Not surprising, though, as the best in-store experiences are based on very accurate rituals. Most of the time, I can’t seem to find the same level of accuracy in online experiences, as you may have noticed from this post.
However, something in the way brands operate changed. Whether it’s an increase in sales through omnichannel (for B2C) or automation (for B2B), or operational efficiency through centralization (for marketing) or tech consolidation (for IT), understanding and leveraging martech is key in most use cases.
And now, here we are.
Circling back to the first chart of this blog post, Gartner’s prediction from a few years ago now translates into CX and digital commerce, which have become “enterprisewide strategic priorities”.
Still, as I said at the beginning, with an increasing pressure on proving the impact of expensive experience programs, the only chance for CMOs, CIOs and CTOs to succeed is 1) to partner on shared business cases and 2) to build new engagement models with external partners to deliver against shared KPIs.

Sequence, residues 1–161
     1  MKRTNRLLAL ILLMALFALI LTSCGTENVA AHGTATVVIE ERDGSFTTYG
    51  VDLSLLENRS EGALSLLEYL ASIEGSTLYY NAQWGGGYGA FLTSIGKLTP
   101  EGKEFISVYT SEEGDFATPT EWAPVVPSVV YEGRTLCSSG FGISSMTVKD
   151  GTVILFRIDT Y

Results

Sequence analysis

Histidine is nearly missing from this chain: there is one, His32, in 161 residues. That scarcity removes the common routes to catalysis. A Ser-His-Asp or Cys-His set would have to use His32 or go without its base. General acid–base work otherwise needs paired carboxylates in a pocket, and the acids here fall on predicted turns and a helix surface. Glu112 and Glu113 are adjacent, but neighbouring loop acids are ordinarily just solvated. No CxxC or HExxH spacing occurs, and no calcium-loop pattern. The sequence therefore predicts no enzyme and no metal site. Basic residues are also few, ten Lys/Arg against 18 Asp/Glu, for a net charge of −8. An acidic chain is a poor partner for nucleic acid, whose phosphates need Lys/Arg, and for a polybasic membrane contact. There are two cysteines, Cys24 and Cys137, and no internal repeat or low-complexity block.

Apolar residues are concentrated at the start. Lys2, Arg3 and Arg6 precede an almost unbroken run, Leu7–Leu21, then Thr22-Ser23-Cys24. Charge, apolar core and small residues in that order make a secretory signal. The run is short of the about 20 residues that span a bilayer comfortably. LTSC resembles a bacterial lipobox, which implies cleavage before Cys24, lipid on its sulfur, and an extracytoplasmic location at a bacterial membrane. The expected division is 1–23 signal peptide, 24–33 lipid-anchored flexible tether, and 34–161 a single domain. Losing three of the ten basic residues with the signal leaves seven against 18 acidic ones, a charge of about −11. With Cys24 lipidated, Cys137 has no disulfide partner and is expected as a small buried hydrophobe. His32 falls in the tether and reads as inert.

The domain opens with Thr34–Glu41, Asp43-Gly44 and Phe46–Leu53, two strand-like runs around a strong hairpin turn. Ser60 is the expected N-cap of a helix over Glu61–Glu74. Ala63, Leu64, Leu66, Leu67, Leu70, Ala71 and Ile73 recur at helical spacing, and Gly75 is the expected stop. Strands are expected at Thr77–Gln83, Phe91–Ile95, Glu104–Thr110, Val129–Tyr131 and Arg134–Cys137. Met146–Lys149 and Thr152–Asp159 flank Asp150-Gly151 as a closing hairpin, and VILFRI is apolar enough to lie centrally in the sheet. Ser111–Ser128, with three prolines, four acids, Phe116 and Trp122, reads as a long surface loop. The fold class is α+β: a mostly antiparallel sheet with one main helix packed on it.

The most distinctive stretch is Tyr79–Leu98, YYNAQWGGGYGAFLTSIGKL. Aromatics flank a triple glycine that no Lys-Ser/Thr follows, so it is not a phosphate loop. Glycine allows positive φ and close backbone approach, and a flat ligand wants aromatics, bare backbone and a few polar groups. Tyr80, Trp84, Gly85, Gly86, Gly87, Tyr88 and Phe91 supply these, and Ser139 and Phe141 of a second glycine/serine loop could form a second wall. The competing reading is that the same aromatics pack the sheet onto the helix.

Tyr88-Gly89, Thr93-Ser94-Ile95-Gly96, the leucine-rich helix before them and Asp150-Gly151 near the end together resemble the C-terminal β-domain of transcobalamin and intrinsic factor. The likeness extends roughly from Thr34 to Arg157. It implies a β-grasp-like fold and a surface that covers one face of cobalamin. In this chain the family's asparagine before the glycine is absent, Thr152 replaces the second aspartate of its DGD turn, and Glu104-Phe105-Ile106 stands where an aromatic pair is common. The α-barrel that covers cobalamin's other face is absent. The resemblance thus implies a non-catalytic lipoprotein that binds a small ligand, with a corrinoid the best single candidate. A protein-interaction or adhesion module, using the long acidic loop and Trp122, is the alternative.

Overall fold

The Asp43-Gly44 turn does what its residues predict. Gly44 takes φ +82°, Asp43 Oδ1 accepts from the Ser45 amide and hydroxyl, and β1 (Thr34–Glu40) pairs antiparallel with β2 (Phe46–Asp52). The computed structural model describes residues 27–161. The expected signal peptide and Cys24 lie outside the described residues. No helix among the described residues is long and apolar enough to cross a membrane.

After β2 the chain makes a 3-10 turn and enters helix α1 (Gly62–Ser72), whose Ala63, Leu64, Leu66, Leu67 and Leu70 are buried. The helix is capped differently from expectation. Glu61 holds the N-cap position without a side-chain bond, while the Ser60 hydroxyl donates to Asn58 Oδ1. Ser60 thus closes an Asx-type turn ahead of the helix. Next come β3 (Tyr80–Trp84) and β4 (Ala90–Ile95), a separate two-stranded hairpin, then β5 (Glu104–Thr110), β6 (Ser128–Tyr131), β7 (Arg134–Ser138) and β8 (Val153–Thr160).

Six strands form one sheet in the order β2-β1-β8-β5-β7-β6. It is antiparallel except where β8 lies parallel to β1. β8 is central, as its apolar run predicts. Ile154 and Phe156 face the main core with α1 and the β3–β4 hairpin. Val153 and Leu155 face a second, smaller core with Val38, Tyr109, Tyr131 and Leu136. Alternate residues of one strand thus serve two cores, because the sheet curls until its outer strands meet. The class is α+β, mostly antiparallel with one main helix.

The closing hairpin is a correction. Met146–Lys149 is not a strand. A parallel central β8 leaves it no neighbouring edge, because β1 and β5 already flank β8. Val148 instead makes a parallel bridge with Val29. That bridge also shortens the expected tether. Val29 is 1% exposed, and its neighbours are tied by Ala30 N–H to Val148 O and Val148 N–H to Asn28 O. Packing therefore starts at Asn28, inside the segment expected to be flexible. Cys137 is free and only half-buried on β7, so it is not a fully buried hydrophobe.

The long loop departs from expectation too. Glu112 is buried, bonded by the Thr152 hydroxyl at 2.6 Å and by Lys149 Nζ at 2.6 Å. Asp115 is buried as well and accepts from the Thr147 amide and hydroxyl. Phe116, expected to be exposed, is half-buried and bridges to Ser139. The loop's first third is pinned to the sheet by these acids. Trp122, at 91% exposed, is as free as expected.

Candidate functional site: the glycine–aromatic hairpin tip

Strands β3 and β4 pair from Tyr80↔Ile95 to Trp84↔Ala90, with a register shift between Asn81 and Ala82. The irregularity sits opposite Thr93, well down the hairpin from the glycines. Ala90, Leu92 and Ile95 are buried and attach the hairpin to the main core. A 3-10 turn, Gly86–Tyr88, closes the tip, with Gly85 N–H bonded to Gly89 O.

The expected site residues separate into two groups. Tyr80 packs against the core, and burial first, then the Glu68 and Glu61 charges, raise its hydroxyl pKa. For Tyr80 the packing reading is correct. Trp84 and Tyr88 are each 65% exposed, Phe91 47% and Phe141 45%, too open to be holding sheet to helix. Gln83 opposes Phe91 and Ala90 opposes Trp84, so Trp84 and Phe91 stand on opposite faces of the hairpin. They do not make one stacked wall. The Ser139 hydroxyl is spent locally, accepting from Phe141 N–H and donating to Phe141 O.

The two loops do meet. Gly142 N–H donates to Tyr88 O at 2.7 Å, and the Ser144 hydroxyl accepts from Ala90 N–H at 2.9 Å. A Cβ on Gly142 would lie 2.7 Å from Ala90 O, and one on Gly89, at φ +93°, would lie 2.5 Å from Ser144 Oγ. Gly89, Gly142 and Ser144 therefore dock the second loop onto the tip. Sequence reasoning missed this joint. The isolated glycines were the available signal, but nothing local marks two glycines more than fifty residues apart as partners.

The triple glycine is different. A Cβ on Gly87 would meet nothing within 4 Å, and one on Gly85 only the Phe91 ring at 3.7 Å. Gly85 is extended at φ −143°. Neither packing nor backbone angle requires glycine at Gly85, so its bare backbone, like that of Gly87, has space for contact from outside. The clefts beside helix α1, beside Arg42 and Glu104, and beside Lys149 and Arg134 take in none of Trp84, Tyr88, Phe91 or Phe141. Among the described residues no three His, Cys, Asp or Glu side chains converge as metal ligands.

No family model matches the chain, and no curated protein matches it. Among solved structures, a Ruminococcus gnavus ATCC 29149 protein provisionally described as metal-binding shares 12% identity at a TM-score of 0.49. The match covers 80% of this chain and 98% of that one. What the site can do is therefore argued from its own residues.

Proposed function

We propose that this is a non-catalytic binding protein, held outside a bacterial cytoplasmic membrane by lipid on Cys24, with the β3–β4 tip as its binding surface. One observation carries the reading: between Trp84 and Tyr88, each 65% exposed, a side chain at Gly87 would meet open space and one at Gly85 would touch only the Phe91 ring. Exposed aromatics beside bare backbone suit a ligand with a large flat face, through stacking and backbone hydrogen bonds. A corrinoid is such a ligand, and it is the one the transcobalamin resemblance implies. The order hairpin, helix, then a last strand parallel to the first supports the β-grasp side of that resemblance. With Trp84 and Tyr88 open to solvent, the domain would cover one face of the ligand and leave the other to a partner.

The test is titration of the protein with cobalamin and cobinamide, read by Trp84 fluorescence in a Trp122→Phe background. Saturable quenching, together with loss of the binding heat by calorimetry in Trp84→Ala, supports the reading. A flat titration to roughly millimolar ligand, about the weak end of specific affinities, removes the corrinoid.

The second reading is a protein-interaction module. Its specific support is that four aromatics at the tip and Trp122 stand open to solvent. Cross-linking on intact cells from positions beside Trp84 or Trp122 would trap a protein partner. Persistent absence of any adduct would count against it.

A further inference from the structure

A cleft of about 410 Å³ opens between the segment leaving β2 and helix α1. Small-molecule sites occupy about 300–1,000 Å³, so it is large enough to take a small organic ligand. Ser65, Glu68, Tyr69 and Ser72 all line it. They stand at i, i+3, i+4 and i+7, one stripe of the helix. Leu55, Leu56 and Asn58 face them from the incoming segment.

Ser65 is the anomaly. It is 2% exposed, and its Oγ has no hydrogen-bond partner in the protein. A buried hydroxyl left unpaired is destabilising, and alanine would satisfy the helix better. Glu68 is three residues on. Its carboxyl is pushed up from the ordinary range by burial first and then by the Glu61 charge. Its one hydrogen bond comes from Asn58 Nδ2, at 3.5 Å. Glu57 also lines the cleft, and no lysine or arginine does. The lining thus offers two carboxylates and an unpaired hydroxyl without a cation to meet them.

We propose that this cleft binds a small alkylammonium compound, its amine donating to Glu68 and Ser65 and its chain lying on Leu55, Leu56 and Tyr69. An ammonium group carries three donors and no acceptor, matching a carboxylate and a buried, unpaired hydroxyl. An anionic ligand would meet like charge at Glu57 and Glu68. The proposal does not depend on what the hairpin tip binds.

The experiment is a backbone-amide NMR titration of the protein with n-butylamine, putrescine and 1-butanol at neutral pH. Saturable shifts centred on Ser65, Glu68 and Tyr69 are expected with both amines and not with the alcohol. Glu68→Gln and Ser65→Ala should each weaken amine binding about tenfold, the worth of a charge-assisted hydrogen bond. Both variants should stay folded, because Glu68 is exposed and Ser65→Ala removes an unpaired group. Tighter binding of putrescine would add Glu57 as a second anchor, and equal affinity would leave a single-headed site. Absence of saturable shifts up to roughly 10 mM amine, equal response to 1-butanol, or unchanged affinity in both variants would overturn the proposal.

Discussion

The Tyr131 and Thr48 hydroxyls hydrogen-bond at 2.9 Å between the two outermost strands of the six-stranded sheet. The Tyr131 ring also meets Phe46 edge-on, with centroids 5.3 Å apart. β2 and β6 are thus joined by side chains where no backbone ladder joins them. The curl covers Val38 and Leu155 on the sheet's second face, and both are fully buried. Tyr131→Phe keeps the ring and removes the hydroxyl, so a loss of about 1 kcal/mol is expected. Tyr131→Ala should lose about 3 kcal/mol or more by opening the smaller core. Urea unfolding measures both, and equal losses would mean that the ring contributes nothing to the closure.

What’s coming next?
With over 10k martech tools, picking the right one is still complex, and the 2015 Rjmetrics’ research that said that “companies justify their lack of public pricing based on solution complexity because there are too many factors that go into a price” is still valid.
Navigating the martech offering will remain complex, and the key differentiator will be integration capabilities, as true personalization at scale will only be possible through a composable tech stack (Yes, even if you choose to go with Adobe or Salesforce). This is already happening with CDPs (Customer Data Platforms) moving to composable CDPs, CMSs (Content Management Systems) moving to composable content architectures, and DXPs (Digital Experience Platforms) moving to composable DXPs.
If you don’t know what composable means, there are tons of articles to check out. These are a couple I would suggest if you want to know more about these topics:
- DXP, Composable DXP, and MACH Explained from the Agility CMS blog
- How Headless Commerce Will Change How and Where We Buy from the a16z Future blog
- There’s still a short-sighted vision around composable, and this Linkedin post from Sana Remekie explains why
Projecting the ROI of a composable stack is currently quite hard, and I think it will continue to be. But when it comes to innovation, following your gut should be allowed. Hopefully, once we leave recession times behind, intuition will become the true differentiator for brands.
“Are you intentionally omitting web3?”
No, I’m not. A few ideas come to mind when I think about the intersection of martech and web3, which I hope to write about soon. If you are curious about it, sign up below (no, no newsletter; just a little email almost as short as a tweet to report updates) or keep an eye on LinkedIn.